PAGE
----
Skip to main content

Verified by Psychology Today

Chasing Magic Under Foreign Skies

Overcoming culture shock

Masson/AdobeStock
Source: Masson/AdobeStock

“A magic dwells in each beginning…” writes Herman Hesse, and what better beginning and bigger magic than embarking on a new chapter in a new country? Every year, more people are finding themselves with prospects of international relocation - some for work, others for adventure. More children are growing up between cultures, as their parents navigate alien grocery isles and negotiate multinational deals. Global experience has become an asset, not only for corporate recruiters but also for dinner hosts who can entertain with stories about ringing in the New Year at a shrine in Kyoto or eating cheese fondue in the Swiss Alps. Yet, despite the allure of new beginnings, despite the well-documented advantages of cultural and linguistic immersion (increased brain function, boosted creativity, delayed dementia, anyone?), despite the pre/post-arrival efforts to develop intercultural competence, the failure rate of foreign assignments remains very high. A few months into the new life, the promised magic fizzles into the unfamiliar landscape of novel values and strange behaviors. Suddenly, the new language sounds nauseating, the new acquaintances do everything wrong, you miss your old friends and your shabby Sunday sweatpants. And when you unexpectedly decide that you are not that fond of cheese after all, it is time to meet your newest travel companion: Shock. Culture Shock.

The term culture shock was coined in the 1950s, and in its original conception referred to the anxiety that results from “losing all our familiar signs and symbols of social intercourse” (Oberg, 1960:177). Since then, researchers have ventured to plot the phenomenon into variously shaped curves and models, some even calling it the occupational disease of sojourners. Culture shock goes hand-in-hand with the expatriate experience and has come to include a gamut of the affective spectrum - from mild irritation with the local eating habits to deep depression and loss of identity. True to its name, culture shock is a serious affair. It can shrivel wide-eyed excitement into angst; turn cordial open-heartedness to hostility. While the degree of culture shock will depend on diverse factors (e.g., personality type; previous intercultural experiences; distance between native and host cultures), and while measures can be taken to minimize it (e.g., learn the local language and culture; make new friends; keep old friends), it cannot be abolished altogether. And perhaps it shouldn't, either. Because it is in the throes of culture shock when one comes face-to-face not only with a new set of cognitive, affective and behavioral constructs, but also with an opportunity at profound self-awareness and growth. In time, you might even realize that it wasn't only the new culture that you were laboring to tackle - but also yourself.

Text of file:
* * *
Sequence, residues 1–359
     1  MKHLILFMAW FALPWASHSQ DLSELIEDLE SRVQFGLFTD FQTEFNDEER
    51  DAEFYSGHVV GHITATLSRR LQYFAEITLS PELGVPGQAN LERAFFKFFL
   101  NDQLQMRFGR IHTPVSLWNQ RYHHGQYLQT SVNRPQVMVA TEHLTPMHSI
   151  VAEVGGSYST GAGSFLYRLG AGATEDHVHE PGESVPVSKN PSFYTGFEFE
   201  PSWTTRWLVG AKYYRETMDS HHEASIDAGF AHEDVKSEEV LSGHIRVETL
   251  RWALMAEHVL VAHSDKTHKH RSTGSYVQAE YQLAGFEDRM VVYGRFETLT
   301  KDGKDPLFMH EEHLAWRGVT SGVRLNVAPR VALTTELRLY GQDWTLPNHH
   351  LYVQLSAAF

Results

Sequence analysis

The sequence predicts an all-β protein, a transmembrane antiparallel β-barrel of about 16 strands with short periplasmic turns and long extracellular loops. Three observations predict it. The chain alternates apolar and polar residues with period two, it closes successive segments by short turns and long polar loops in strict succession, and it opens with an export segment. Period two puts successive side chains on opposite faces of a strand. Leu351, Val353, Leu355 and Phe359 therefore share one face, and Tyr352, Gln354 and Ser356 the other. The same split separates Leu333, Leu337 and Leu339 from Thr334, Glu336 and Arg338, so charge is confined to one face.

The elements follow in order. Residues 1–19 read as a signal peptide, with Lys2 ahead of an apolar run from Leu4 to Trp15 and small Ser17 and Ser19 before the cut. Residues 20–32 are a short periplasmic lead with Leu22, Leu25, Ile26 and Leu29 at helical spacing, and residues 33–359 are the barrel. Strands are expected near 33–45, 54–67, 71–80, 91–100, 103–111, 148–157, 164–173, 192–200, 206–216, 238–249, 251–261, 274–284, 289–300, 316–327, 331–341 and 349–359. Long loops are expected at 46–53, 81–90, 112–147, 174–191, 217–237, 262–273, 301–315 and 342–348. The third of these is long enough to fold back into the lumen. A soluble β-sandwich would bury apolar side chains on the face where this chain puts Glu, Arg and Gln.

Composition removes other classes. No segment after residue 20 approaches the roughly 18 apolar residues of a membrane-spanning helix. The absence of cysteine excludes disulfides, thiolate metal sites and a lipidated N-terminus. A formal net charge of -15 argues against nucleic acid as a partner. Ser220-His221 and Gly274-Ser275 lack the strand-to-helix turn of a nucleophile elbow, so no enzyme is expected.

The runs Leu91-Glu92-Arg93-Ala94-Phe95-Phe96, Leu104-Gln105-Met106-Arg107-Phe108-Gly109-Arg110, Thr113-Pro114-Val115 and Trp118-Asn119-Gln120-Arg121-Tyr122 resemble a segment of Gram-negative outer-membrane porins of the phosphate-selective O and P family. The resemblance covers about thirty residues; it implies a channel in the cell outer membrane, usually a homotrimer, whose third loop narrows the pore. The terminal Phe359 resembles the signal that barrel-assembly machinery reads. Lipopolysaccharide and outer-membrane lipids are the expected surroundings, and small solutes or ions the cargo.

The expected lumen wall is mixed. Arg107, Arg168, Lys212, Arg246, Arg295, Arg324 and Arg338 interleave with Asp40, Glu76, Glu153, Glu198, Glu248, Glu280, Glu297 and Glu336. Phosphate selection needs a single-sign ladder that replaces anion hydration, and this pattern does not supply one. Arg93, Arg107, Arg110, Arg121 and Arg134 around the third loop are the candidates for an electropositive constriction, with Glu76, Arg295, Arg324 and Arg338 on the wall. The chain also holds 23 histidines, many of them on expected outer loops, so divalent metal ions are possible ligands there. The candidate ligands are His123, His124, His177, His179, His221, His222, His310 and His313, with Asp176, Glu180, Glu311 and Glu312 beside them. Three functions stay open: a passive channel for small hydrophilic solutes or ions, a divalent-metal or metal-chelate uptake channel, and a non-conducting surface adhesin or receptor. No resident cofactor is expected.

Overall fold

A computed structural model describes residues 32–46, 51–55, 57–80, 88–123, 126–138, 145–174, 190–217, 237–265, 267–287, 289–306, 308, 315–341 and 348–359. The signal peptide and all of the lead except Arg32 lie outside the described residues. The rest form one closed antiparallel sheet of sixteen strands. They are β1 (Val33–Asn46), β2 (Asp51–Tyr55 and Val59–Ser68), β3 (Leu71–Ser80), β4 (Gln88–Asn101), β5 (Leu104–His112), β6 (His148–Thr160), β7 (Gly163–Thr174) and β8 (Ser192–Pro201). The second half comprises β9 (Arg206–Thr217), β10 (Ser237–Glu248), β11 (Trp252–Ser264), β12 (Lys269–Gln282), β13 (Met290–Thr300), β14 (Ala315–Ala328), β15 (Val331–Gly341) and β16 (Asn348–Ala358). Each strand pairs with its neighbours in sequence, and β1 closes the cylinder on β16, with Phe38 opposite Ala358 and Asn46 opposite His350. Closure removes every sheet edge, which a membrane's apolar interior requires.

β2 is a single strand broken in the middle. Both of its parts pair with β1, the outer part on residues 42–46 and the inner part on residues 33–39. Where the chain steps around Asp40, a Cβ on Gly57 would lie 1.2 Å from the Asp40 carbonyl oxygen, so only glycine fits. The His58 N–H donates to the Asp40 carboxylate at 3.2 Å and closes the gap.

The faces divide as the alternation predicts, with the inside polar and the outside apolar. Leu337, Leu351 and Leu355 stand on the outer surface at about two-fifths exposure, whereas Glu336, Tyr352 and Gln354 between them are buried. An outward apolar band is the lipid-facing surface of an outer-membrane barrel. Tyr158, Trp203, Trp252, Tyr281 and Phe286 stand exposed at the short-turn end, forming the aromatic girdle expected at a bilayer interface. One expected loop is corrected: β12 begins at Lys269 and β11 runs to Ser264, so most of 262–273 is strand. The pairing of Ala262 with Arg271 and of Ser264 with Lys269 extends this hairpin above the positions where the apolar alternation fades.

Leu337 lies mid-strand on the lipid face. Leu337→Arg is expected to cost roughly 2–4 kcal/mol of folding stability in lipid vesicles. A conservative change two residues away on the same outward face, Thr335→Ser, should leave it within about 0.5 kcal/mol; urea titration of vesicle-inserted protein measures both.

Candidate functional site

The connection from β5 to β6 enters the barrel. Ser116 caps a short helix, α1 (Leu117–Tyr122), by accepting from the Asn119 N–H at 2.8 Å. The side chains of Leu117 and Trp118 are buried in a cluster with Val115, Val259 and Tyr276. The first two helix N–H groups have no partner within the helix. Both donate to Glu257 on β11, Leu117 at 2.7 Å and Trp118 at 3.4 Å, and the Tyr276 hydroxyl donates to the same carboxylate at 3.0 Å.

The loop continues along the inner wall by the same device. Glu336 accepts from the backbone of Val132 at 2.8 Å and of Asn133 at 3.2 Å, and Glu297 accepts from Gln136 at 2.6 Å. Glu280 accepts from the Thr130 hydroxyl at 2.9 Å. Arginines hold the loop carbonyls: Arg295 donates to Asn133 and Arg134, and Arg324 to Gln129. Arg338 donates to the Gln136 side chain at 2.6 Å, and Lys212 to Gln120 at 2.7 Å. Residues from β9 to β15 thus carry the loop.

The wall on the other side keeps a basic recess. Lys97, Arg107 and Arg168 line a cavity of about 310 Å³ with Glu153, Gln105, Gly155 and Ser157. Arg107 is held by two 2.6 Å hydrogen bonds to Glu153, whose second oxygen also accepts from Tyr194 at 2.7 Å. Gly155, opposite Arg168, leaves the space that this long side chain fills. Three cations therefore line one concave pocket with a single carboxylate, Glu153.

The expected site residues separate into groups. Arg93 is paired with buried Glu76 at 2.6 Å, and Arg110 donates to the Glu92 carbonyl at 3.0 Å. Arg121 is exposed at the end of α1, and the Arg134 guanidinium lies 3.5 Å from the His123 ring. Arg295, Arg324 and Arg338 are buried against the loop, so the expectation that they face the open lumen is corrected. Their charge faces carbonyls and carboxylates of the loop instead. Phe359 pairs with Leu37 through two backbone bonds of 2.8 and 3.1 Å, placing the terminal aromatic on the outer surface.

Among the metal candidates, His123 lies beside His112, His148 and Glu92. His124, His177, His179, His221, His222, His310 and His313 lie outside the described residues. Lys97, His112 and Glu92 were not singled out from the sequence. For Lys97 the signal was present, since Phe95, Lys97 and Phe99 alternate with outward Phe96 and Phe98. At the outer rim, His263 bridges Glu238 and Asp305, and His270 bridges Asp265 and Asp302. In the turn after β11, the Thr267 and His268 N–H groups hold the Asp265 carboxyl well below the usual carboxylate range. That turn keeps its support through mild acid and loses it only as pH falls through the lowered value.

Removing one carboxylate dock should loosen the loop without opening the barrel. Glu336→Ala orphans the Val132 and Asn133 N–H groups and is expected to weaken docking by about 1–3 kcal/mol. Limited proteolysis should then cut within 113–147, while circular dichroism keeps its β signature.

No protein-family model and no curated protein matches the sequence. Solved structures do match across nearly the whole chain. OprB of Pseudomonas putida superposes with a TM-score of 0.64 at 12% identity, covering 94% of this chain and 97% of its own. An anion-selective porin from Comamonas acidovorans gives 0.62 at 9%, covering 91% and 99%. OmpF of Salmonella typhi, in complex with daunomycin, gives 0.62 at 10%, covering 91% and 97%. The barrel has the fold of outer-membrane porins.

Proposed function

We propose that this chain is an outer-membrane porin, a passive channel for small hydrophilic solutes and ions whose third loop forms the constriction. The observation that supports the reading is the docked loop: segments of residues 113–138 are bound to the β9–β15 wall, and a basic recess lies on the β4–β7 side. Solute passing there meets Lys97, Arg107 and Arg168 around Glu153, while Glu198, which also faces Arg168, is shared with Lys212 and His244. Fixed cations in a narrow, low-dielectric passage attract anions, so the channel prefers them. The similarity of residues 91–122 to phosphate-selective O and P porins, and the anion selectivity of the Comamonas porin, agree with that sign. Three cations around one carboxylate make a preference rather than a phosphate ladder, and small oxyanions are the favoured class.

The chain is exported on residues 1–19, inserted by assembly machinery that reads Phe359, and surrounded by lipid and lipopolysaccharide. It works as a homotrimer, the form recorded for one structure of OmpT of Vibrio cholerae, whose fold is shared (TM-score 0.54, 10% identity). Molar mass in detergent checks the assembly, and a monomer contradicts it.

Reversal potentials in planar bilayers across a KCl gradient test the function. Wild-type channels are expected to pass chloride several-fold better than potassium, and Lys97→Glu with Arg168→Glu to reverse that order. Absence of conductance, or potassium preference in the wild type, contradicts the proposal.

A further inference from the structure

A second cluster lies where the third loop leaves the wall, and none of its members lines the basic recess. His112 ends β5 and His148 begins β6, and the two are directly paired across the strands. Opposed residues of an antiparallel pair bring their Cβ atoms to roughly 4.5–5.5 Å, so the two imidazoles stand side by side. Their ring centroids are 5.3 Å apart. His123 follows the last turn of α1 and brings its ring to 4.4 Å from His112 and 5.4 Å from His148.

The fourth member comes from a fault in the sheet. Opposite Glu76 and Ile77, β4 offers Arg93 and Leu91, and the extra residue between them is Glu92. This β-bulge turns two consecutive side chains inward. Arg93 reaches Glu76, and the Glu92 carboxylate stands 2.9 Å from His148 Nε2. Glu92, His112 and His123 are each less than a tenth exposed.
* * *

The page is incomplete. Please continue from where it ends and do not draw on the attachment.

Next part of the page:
When you find yourself in a burly embrace with culture shock, weathering the highs and lows of your new chapter a few time zones away from home, consider these three tips commonly given to sojourners that are in fact grounded in psychological theory.

1. Adopt a tourist mindset

The emotional trials of foreign relocations can plague everyday interactions with setbacks, at times making it challenging to leave the familiarity of our walls, let alone queue up in front of medieval cathedrals. However, a tourist mindset can facilitate a crucial shift in perspective, resembling the cognitive reframing and reappraisal often used in Cognitive Behavioral Therapy. Reminding yourself that the experience is temporary helps put a distance between yourself and your circumstances and veer your attention towards the positive outcomes of your move (e.g., the new friend; the smell of the ocean; the local bakery). Be a tourist. Be an explorer. View each footstep in your cross-cultural journey - however poised or mud-caked - as invaluable in its transience.